"Anonymous cancels crackdown on Mexican drug cartel," tweeted Sm0k34n0n. "We cannot risk our partners."
But a Twitter post from LulzSec leader Sabu in direct reply to Sm0k34n0n appeared to dismiss the cancellation, or at least imply that there would be future anti-cartel efforts. "Thanks for pushing the op, but now that you've cleaned your hands of it--move on with your life," said Sabu. In another post, he said that "#OpCartel is very much alive and like I said to others in private our war is on corruption on both sides of the spectrum," referring to the war on drugs including both the Drug Enforcement Administration as well as the Mexican cartels.
The Anonymous operation came about after one of its members was allegedly kidnapped earlier this month by Los Zetas Cartel. The drug cartel, thought to be the second-largest one in Mexico, is also regarded as the country's most dangerous and brutal. Notably, the Zetas were the first cartel to standardize the practice of beheading their targets.
[From Wall Street to child porn sites, Anonymous has been busy. ReadAnonymous Attacks Child Pornography Websites.]
Anonymous had threatened to publish the names and addresses of journalists, taxi drivers, and police officers who allegedly helped with the Zetas. "You made a huge mistake by taking one of us. Release him, and if anything happens to him, you will always remember this upcoming November 5th." To make the point, the video cuts to footage of exploding buildings. That's lifted from the closing moments (spoiler alert) of V For Vendetta, when the protagonist--sporting the mask since made famous by Anonymous--succeeded in blowing up the Houses of Parliament in the movie's rendering of a totalitarian Britain.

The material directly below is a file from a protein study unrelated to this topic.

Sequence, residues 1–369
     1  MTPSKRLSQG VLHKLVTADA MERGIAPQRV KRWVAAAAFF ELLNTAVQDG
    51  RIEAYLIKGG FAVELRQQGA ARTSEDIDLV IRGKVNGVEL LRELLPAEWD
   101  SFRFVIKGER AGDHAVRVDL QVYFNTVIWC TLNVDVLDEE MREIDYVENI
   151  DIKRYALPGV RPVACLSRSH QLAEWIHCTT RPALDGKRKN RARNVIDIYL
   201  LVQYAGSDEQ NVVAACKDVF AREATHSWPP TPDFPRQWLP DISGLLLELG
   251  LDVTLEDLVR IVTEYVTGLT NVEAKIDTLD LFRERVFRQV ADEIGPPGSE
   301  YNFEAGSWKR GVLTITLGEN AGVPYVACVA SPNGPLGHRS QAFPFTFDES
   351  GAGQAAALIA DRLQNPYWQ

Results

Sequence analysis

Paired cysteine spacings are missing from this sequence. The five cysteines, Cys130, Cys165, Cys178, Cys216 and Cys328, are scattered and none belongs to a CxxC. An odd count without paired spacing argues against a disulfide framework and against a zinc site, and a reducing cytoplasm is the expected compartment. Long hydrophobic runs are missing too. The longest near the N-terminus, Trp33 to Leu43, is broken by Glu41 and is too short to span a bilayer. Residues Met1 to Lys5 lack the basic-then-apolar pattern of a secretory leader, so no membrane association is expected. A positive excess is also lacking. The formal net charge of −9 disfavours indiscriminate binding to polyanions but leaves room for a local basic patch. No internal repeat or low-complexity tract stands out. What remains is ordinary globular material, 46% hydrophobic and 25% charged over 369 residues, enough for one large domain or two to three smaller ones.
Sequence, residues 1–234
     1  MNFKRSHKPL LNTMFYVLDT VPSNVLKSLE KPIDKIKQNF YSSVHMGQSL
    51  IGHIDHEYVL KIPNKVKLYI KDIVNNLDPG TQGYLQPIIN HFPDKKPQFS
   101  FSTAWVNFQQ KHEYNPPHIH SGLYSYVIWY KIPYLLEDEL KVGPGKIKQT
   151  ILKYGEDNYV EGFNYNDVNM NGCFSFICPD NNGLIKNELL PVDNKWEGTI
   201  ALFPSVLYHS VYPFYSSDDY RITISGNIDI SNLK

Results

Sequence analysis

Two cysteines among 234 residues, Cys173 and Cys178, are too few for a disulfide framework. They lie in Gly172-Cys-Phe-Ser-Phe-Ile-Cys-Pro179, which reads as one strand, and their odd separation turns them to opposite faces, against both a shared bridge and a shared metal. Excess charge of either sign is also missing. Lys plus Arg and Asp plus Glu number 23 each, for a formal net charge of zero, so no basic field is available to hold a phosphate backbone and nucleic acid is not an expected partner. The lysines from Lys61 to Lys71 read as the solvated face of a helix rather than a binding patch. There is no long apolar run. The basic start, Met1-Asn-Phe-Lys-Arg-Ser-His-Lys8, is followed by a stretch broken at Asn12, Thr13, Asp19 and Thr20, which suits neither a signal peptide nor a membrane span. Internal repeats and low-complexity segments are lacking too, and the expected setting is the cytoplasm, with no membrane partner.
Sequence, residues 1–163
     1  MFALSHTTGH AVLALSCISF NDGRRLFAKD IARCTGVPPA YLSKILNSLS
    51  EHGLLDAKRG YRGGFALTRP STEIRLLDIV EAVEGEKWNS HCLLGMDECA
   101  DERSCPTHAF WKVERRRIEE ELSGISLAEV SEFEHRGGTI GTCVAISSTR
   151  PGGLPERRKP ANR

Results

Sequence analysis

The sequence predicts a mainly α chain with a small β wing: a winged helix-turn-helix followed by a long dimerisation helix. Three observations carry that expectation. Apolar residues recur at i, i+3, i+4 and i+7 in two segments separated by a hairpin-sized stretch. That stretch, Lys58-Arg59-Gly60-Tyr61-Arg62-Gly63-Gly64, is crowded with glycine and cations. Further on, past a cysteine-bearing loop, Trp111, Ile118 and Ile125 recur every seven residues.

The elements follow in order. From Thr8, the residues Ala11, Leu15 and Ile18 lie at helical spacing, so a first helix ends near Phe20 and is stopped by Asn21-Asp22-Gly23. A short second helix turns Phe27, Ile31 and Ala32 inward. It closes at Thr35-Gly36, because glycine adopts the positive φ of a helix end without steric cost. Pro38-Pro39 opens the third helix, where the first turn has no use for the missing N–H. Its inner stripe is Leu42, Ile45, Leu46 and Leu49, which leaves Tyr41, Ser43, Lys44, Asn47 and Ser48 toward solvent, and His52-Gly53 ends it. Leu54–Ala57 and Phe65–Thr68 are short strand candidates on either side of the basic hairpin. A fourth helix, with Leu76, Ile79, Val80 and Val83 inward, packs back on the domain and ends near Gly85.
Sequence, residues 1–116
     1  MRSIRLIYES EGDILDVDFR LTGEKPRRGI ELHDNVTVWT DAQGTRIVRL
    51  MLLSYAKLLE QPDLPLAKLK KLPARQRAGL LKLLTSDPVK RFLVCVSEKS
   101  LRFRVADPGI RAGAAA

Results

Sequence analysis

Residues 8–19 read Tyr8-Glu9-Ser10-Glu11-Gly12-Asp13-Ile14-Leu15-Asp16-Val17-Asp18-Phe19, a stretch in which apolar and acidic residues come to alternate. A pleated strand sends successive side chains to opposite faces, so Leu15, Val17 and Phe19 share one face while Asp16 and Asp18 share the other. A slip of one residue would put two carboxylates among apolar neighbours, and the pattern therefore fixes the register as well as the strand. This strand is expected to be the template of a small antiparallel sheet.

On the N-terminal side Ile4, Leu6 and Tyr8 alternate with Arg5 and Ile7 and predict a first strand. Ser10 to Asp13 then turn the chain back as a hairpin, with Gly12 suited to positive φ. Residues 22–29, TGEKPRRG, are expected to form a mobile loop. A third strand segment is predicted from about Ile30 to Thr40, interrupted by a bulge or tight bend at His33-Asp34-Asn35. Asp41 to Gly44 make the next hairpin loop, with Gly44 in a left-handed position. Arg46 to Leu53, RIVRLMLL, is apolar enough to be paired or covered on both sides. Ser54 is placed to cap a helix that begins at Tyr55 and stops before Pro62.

On Friday, global intelligence research firm Stratfor characterized the Anonymous threat to publish the details of people who help the cartels as "a move that likely will result in violence," not least because it predicted the cartel would kill anyone so named publicly.
Regardless of whether Anonymous does or doesn't publish cartel-related information, it hasn't gone quiet in Mexico. On Monday, a Twitter post pointed to Anonymous Mexico's compromise and defacement of a website created by Gustavo Rosario, the former attorney general for the state of Tabasco. The defaced website included an image of numerous pumpkins and a four-word message: "Gustavo Rosario is Zeta." In fact, Rosario had created the website precisely to counter assertions that he was complicit with organized criminals, including the Zetas.
As the cartel-driven violence in Mexico continues to escalate, people have turned to social networks to caution each other about attacks that are underway and share information about crime in general. According to the Committee to Protect Journalists, Mexican papers routinely avoid reporting on crime.
But the state of Veracruz recently passed a law--Tabasco is considering a similar measure-- that outlawed the use of social media in instances where it undermined public order. The law came about after two people falsely reported that gunmen had attacked a school, causing mass chaos.
Laws or no, anyone who uses social media to report on crime can face extreme danger. Notably, journalist Maria Elizabeth Macias Castro--better known as "the girl from Laredo," which is the pseudonym she used to report on crime via a website and Twitter account--was last month found beheaded, and with a message suggesting she had been killed by the Zetas.